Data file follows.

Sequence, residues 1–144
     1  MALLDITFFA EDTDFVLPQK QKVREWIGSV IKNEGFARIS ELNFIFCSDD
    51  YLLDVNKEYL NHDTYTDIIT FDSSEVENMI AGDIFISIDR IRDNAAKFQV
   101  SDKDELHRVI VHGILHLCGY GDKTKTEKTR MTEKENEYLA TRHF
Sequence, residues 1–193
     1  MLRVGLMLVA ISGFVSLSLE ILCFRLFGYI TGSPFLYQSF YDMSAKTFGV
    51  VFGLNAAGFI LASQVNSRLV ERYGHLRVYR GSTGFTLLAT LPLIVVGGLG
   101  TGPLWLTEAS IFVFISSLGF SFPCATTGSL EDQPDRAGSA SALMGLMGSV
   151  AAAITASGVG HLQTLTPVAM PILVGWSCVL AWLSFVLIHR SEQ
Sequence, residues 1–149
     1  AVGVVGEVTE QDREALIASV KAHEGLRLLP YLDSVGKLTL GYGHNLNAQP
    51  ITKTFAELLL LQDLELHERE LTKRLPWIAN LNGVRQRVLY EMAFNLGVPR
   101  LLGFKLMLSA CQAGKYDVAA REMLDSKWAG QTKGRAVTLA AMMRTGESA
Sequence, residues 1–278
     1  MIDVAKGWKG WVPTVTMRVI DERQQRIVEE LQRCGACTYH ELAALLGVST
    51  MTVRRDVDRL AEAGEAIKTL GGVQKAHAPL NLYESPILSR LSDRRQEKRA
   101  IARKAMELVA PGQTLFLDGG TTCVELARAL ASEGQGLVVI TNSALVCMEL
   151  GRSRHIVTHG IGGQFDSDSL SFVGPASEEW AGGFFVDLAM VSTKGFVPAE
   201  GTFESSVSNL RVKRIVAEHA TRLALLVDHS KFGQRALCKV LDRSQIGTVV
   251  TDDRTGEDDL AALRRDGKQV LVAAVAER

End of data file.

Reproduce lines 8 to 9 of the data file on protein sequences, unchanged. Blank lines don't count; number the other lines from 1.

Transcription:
   101  TGPLWLTEAS IFVFISSLGF SFPCATTGSL EDQPDRAGSA SALMGLMGSV
   151  AAAITASGVG HLQTLTPVAM PILVGWSCVL AWLSFVLIHR SEQ